In 1997, The Med Center received a Superior rating for the twelfth year in a row and John Knox Village was voted Best Retirement Community and Best Nursing Home by the readers of The Daytona Beach News-Journal. Among improvements in the Village, a sidewalk was completed around the lake.

The year 1998 began with a ground breaking ceremony for the new activity center, later to be named the Lester R. Barker Center in 2017, for the man who had been the force behind the building.

In 1999, the old swimming pool was removed and a new screen-enclosed pool took its place. In May the new Activity Center opened with the first two meetings being the Residents’ Quarterly Council followed by the Board of Directors with residents. At these meetings, the Board approved the idea of a 60-bed Memory Care Facility and the building of new Silverstone Villas along the shore of Lake Silverstone on the newly acquired property. The Silverstone Villas were the first units to feature a garage.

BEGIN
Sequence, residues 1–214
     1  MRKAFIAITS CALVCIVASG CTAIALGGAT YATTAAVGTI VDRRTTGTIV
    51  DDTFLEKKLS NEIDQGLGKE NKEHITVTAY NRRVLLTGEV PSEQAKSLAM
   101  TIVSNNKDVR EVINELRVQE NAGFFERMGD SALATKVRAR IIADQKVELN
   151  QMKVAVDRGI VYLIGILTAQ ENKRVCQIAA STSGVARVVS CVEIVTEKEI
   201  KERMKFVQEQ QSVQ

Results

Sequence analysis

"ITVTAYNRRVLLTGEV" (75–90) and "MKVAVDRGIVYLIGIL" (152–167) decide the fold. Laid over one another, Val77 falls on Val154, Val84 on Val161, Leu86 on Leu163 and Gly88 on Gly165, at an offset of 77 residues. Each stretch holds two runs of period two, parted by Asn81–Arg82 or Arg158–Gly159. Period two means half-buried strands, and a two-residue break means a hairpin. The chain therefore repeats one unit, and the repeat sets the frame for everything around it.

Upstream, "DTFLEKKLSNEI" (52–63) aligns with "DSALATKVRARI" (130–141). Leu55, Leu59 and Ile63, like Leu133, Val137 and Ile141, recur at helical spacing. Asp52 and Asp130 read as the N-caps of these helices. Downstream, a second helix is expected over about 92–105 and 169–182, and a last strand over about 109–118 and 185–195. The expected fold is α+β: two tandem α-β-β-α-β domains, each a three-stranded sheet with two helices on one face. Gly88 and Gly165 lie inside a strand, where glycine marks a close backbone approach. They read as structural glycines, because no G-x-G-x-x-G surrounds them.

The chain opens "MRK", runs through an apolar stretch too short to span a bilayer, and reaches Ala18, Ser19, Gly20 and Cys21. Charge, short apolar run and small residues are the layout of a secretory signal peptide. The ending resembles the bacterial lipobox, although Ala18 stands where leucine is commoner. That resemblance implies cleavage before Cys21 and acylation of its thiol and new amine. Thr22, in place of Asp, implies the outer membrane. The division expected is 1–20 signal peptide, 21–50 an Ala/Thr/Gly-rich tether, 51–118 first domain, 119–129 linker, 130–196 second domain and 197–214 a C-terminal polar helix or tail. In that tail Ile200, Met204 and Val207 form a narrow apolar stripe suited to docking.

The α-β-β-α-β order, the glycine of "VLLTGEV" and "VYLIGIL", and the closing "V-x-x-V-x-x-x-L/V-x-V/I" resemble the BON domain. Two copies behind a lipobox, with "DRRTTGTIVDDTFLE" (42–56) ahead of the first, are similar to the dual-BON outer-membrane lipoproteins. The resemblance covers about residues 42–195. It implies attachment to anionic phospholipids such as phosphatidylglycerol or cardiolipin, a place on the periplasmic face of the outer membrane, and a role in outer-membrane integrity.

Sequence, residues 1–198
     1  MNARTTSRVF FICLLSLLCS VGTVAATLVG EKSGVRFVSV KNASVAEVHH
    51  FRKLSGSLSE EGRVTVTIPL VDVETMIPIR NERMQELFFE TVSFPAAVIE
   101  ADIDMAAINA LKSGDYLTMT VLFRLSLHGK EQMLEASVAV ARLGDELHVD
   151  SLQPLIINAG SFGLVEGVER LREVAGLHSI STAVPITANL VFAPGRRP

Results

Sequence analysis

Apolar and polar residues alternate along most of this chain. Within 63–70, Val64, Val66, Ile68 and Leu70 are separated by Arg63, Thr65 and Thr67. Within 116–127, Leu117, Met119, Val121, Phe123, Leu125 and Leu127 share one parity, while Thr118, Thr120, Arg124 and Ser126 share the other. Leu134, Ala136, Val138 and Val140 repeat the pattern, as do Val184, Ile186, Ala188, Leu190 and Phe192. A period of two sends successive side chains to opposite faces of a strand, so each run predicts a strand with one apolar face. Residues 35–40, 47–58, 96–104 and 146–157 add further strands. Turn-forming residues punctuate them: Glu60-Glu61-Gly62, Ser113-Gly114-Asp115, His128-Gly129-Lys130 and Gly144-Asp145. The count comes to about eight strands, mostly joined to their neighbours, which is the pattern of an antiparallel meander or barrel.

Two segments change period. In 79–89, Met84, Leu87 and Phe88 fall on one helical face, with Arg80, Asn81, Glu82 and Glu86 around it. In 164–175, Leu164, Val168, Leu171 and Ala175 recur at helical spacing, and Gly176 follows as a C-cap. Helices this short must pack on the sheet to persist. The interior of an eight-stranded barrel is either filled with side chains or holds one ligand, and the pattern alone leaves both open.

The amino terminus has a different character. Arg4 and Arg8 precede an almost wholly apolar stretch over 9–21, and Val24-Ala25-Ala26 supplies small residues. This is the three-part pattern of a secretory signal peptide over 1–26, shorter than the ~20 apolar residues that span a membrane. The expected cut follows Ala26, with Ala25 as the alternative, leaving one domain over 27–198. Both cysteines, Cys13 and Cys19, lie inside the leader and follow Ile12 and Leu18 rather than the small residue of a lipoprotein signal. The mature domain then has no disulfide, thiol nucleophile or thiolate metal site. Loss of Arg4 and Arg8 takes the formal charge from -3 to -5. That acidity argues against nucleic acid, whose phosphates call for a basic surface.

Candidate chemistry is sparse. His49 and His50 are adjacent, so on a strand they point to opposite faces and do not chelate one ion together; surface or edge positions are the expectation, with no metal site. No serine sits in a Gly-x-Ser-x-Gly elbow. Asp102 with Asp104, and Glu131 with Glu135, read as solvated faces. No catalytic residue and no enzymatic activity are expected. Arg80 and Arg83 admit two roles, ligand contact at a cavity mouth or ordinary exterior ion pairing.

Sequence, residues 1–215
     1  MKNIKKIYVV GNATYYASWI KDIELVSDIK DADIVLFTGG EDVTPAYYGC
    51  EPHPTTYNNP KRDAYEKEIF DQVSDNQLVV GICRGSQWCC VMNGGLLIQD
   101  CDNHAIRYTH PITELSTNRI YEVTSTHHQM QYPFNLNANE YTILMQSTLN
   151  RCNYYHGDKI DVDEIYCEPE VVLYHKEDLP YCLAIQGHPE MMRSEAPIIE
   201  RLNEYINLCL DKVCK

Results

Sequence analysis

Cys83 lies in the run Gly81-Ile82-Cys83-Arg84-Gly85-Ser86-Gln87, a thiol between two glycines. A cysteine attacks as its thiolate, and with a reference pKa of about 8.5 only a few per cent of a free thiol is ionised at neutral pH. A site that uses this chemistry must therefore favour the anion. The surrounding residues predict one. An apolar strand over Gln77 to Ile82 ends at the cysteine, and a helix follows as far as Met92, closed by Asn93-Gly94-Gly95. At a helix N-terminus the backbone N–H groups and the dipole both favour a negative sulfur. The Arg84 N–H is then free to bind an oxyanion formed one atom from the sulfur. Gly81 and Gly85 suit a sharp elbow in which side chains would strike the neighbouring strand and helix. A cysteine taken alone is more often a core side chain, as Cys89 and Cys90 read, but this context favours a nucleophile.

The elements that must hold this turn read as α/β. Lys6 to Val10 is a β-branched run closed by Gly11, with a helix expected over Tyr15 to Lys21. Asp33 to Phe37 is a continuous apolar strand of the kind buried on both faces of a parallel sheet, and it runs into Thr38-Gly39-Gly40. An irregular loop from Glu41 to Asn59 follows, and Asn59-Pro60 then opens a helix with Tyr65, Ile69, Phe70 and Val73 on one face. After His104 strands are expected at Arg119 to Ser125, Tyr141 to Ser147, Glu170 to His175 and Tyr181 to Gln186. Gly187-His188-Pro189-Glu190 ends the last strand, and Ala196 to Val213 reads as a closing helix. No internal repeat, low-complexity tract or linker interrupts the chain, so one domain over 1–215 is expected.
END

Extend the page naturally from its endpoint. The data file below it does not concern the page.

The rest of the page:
In 2002, the Majestic Oaks Continuing Care Complex began and renovation and redesign of the exterior of all the cottages was ongoing. Majestic Oaks held its grand opening in January 2003 and a new guard house was erected at the Veterans Memorial Parkway entrance. John Knox was officially annexed into Orange City on June 10.

How the cottages appear today

In 2004, hurricanes came through that caused much tree and limb damage. In 2008, outside painting of the Centre was done. In 2010, fourteen more Silverstone villas were built along Northlake Drive. Four years later, adjacent Pine Forest Mobile Home Park was purchased with intent to develop the property.

Oak Park Senior Services opened on Monastery Road in 2015 with the Oak Park Pharmacy providing much convenience for residents. Following on the heels of Oak Park Pharmacy, Holly Branch Villas opened a model home in 2016 and new residents came in 2017.

Now in 2019, we are looking forward to the construction of Valencia Landing with villas that will bring new residents to our community.